"Or time to look after them, luckily for us," said Aria, "otherwise our flowers would not be in such request."

For though little Linde spoke of their customers as "ladies," the good housekeepers of the small but busy town were mostly of the working-class themselves—that is to say, wives or mothers of the men employed in the china manufactories on which the place depended, and in those days, long, long before railway lines, there were no such things as flower shops. The only chance of getting fresh garden produce was the market.

"Luckily for us too," Aria went on, "there are no great gardens near, except at the castle, and father often said it was hard work to keep the countess supplied with flowers enough, even though she sent express messengers for them twice a week."

"All the same," said Linde rather dolefully, "I wish father hadn't been a gardener. Flowers are so delicate and wither so soon. If we'd had a little dairy now—or even poultry, and could have sold butter and eggs, and chickens. They'd have gone on all the year round."

"Linde, dear, father never had money enough to buy cows or even poultry," said Aria with a sigh. "And it would have been difficult to get much to the market, so far off as it is, without a cart and pony, and how could we have bought these?"

For the pony which had perished with the poor man was the property of his master, though he was sometimes allowed to carry shrubs and bulbs of his own to market, with the castle vegetables, when he went to sell them at the town.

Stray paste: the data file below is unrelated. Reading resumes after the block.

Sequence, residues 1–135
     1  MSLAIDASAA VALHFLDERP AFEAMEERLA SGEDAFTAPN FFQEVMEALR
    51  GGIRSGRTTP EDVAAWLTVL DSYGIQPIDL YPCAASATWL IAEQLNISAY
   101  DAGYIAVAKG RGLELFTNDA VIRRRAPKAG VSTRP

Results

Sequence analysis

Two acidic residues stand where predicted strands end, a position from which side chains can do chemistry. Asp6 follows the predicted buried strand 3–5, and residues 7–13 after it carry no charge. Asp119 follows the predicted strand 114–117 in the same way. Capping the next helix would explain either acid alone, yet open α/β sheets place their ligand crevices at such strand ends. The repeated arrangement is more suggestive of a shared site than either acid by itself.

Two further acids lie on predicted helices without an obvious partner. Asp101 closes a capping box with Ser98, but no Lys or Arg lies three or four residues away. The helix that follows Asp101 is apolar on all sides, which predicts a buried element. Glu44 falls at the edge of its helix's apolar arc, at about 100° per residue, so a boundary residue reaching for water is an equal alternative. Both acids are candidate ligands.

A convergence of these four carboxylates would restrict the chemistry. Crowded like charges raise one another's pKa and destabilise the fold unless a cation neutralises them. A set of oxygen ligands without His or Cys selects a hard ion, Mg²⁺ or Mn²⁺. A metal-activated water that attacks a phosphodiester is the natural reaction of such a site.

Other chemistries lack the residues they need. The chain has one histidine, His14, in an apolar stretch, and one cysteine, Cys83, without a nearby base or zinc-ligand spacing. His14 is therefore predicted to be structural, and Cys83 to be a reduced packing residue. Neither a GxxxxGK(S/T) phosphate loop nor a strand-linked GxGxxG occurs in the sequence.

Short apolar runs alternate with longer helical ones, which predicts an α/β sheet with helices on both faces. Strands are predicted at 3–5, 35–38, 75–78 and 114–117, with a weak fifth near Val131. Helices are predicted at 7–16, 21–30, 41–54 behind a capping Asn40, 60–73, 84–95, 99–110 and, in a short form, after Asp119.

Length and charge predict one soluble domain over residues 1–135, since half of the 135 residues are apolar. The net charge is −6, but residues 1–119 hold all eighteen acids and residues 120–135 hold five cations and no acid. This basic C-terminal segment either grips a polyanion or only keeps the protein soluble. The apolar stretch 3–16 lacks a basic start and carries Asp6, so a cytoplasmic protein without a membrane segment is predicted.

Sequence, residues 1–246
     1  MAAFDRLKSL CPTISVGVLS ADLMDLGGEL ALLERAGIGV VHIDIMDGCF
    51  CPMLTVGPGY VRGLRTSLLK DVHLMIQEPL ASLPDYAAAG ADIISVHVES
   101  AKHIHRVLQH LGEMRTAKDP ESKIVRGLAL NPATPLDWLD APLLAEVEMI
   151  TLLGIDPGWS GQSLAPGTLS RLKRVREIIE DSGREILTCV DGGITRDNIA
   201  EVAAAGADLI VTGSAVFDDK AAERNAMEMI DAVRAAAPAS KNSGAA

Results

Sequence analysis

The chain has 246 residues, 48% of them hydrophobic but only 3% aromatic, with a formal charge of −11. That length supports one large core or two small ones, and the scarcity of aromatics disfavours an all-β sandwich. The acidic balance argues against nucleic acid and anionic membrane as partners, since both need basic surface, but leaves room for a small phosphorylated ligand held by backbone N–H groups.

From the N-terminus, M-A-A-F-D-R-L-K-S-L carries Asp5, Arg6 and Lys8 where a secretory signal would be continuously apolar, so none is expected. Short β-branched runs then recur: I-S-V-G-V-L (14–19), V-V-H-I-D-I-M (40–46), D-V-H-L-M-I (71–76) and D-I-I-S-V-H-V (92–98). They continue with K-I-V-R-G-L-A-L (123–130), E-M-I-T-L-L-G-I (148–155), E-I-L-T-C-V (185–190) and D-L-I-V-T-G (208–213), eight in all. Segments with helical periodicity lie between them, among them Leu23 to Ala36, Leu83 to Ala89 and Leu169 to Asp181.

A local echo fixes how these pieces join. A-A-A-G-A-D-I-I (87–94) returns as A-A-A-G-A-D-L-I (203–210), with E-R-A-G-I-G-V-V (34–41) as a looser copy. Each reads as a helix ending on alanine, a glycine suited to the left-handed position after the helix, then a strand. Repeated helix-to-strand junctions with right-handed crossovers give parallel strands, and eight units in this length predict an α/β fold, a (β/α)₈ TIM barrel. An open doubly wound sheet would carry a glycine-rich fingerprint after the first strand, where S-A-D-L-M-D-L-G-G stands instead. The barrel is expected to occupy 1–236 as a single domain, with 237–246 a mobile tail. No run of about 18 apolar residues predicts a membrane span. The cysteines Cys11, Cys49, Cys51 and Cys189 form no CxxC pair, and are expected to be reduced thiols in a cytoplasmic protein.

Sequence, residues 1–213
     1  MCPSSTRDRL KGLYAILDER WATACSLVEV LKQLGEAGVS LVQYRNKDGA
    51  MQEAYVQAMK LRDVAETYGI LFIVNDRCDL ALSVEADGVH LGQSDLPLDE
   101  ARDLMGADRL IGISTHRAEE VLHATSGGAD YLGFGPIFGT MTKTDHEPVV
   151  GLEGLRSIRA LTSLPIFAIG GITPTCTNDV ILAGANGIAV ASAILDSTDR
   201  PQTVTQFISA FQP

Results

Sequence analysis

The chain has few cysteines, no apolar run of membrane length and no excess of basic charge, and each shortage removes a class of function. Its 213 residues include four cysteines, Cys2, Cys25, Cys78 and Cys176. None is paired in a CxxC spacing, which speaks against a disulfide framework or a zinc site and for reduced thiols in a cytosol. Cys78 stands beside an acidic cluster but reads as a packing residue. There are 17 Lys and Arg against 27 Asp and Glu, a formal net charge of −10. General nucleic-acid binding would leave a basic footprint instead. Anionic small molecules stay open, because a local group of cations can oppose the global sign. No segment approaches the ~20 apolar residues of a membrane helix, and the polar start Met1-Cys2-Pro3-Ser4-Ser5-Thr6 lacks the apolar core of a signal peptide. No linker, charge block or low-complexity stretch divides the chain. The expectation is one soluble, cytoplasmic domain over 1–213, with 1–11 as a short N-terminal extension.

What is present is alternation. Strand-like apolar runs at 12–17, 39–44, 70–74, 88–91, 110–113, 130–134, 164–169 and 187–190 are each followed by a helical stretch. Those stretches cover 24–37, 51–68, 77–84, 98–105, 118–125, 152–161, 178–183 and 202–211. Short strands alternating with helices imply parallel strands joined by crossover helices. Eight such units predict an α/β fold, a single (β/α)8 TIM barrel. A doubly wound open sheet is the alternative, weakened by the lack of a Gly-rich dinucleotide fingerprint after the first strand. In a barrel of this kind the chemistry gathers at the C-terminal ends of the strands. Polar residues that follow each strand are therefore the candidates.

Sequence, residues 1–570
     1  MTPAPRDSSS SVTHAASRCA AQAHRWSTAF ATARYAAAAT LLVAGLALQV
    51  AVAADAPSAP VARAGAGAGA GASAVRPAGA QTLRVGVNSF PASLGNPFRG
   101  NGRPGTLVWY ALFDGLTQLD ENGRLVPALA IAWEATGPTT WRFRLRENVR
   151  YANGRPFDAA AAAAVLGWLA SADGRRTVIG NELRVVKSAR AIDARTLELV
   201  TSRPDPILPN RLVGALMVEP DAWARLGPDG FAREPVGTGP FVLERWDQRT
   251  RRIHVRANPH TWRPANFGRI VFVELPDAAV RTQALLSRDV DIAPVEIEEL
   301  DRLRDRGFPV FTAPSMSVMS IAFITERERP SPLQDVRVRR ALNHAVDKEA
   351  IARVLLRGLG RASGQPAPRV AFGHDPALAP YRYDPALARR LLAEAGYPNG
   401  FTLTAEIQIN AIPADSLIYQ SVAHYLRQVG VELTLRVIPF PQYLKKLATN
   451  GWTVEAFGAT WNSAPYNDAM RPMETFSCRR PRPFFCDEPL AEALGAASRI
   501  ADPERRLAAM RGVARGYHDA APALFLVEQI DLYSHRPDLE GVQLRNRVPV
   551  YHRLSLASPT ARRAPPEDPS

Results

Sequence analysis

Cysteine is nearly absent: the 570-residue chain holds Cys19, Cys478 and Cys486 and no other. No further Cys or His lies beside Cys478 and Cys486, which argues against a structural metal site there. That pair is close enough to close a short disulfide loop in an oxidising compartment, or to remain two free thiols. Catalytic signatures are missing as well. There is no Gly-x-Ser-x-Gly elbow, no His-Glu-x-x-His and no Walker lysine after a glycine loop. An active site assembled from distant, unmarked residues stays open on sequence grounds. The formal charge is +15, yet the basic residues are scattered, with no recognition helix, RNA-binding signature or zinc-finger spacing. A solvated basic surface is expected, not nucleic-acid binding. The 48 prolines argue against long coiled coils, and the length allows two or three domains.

Linde did not answer. Her spirits were very apt to go up and down all in a minute, so Aria spoke again more cheerfully.

"Yes," she said, "I'm glad I thought of the rose-leaves. They are really most fragrant still. I lifted the lid yesterday for a moment. The powder that father gave me to throw among them was wonderfully good. I wish we had more of it."

"Is it quite done?" asked Linde.

"Very nearly. It was given to mother, you know, when she was a bride by an old woman who was her godmother. She declared it had fairy power and would never grow stale. And so it has proved. We may safely promise any who buy the leaves that they will scent their linen even better than lavender, and more lastingly. Come along, Linde, and let's see how we can best take a good parcel of them with us to-morrow," and Linde's interest revived again, as she followed her sister indoors.

The dried leaves—what are often called "pot pourri," though the simple sisters had never heard the name—were kept in a very large jar, of old-fashioned stoneware. It had a lid, and would nowadays be highly valued as rare and antique. But of this its owners knew nothing. They only loved it for their parents' sake, as it too had been a wedding gift from the godmother. And whence she had got it no one had ever known. She was herself a rather mysterious person. Folks used to say—so Aria remembered having heard when she was a little girl, helping her mother to gather rose-leaves to fill the jar—that there was something of fairy nature about her.

"And however that may have been," said Aria, as she repeated this to Linde, "certainly her gifts have proved lasting. The jar has been knocked over several times, you know, and never broken, and the powder is as fresh as a newly gathered rose."